- - Tuesday, November 12, 2019

Evo Morales had a problem. It was 2016, and the three-term Bolivian president, an ardent leftist and the first indigenous president the South American nation ever had, wanted badly to run for a fourth term in 2019. But Bolivia’s constitution had term limits, and Mr. Morales was barred from running for and serving another term.

Rather than attempt an end run around the country’s constitution, Mr. Morales did a responsible thing: He held a public referendum to amend it, and allow him another run at the office. Bolivians disagreed with the president’s plan, however, and the referendum went down by a vote of 51.3 percent to 48.7. Mr. Morales had enjoyed some successes during his first three terms, raising incomes in Bolivia by harnessing his country’s wealth of natural resources, but the people of his country were manifestly ready for somebody new. They told him so at the ballot box.

Then Mr. Morales did a less responsible thing. His “Movement for Socialism” party went to the country’s highest court, seeking to annul the term limits. The court was stacked with Mr. Morales‘ cronies, and his party had every right to expect a favorable verdict.


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Which they received. In a perverse yet hilarious ruling, Bolivia’s Supreme Tribunal of Justice ruled that denying Evo Morales a shot at a fourth term represented a denial of his human rights. (The list of what constitutes a “human right” continues to grow.) And so Evo was able to run again.

What he was not able to do, apparently, was win a fourth term without chicanery. Bolivia’s constitution says that if a race is separated by less than 10 percentage points, a runoff will be held. By reasonable accounts, Mr. Morales failed to clear that threshold, and would have faced a runoff against his conservative-leaning challenger Carlos Mesa. But then there was a mysterious pause in vote counting for 24 hours. When “counting” began again, President Morales was declared the outright winner.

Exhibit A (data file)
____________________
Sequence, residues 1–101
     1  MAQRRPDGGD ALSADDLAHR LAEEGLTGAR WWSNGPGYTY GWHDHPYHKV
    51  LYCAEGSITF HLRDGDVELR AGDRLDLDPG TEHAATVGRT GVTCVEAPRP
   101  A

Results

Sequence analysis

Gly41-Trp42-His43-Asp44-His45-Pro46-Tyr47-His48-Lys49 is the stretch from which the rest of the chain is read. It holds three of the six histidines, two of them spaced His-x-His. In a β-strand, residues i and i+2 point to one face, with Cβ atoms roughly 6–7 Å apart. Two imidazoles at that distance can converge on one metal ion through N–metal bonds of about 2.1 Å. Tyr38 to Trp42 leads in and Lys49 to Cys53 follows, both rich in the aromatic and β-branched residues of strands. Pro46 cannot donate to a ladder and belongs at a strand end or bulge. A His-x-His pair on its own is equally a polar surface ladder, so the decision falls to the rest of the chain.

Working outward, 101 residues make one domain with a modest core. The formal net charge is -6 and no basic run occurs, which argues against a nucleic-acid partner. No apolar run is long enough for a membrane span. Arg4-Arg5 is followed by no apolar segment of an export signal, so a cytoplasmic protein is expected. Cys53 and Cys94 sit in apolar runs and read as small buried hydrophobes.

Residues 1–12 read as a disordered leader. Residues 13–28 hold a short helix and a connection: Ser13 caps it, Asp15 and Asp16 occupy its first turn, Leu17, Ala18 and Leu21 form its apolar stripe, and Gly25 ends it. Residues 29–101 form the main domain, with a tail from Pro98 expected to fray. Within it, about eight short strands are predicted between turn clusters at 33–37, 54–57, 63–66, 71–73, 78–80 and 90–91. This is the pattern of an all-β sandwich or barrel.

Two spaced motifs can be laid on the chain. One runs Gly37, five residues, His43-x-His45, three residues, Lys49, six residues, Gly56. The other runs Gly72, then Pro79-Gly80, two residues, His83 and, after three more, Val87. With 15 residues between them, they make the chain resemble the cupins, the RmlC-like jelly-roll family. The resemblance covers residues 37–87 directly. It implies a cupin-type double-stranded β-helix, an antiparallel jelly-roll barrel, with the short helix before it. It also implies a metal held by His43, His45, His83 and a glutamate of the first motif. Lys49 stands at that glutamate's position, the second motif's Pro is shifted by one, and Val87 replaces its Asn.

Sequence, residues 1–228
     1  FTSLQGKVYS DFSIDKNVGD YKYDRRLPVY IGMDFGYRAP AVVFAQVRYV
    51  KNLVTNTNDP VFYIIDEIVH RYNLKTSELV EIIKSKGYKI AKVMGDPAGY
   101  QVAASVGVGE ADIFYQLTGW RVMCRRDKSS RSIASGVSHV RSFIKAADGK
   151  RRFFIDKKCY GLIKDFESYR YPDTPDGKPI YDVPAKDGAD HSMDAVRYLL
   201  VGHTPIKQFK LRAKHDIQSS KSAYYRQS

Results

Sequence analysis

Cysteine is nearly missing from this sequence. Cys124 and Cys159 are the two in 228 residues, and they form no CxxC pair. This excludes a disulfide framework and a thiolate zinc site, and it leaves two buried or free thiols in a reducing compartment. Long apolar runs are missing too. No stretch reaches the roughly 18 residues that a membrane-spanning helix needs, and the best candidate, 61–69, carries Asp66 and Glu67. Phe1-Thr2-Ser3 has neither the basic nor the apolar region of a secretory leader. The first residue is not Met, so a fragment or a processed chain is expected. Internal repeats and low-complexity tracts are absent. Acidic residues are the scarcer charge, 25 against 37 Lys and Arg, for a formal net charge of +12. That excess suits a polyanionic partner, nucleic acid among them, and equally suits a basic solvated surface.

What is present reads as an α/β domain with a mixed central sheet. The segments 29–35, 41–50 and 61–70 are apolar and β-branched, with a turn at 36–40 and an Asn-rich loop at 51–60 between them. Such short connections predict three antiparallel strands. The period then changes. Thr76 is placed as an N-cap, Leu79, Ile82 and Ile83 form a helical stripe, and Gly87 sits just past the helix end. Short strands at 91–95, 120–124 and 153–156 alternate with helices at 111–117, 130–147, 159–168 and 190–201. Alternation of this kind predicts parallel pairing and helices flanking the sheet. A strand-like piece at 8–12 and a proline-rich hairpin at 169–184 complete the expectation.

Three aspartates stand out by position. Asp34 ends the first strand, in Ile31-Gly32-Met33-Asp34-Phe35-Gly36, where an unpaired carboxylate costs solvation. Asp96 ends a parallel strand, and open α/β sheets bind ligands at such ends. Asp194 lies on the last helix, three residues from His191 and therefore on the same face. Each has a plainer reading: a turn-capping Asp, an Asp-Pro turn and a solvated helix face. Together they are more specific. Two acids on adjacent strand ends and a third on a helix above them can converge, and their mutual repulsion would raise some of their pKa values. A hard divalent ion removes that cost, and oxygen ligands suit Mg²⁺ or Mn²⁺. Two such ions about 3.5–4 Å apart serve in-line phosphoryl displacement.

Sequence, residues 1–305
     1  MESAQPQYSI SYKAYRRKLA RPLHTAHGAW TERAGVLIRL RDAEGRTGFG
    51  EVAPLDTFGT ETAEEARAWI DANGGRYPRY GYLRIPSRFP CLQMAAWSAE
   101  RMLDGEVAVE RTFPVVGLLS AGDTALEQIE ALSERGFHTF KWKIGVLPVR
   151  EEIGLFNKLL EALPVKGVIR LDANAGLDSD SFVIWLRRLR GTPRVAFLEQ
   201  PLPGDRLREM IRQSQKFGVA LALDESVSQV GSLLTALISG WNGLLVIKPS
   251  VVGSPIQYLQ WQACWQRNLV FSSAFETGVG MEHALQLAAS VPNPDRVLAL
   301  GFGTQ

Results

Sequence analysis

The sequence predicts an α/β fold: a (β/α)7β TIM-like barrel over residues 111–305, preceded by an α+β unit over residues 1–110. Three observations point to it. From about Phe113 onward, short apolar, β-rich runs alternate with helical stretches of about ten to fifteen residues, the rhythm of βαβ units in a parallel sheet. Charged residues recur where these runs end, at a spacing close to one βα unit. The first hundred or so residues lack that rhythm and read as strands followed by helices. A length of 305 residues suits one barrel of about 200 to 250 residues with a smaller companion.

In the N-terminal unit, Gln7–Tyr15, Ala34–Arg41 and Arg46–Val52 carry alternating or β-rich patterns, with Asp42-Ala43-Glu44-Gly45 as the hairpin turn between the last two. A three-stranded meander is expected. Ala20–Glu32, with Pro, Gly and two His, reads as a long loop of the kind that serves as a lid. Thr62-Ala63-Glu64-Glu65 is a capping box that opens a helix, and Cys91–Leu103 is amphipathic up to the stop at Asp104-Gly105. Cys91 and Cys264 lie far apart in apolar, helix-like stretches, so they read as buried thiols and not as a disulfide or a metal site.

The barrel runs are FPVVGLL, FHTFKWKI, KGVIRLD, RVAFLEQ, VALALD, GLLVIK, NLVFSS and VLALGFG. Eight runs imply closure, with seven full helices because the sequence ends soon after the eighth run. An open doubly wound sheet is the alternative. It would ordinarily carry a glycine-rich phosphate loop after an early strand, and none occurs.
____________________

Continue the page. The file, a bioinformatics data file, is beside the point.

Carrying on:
“Hours after polling booths closed on Sunday, electoral officials released the first results of the quick count that suggested the race was close and a second-round vote would need to be held,” the BBC reported. “The official website then stopped updating for 24 hours. When it finally resumed, Mr. Morales had a lead of more than 10 percentage points.”

The Organization of American States, the European Union, and the United States called for a second round to be held. Mr. Morales refused for days and dug in, declaring himself the outright victor. Soon, thousands upon thousands of Bolivians had taken to the streets to protest.

For his economic successes, Mr. Morales was always an authoritarian at heart. Yascha Mounk, the political scientist at Johns Hopkins University, observed that President Morales “concentrated ever more authority in his own hands, denounced the opposition in aggressive terms, and placed loyalists in key institutions, from the country’s public broadcaster to its highest court.” Indeed, it was Mr. Morales‘ seizure of the courts that allowed him to run for a fourth term in the first place.

Over the weekend, Evo’s luck finally wore out. After more than a week of crippling protests, Mr. Morales lost the support of the country’s police forces and military. He resigned, decrying the actions as a “coup.” (So, alas, did American legislators Ilhan Omar and Alexandria Ocasio-Cortez.)

But as Mr. Mounk argued, “What he and some of his most credulous Western supporters described as a coup was in fact something very different: proof that Bolivians — like the citizens of many other countries around the world — resent arbitrary rule. The longer they have suffered from oppression, the more they have come to value the democratic institutions that are now threatened by populists around the globe.”

Bolivia, one hopes, will now return to a democratic state, with free elections being held as soon as possible. And perhaps needless to say, Mr. Morales should not be a candidate.

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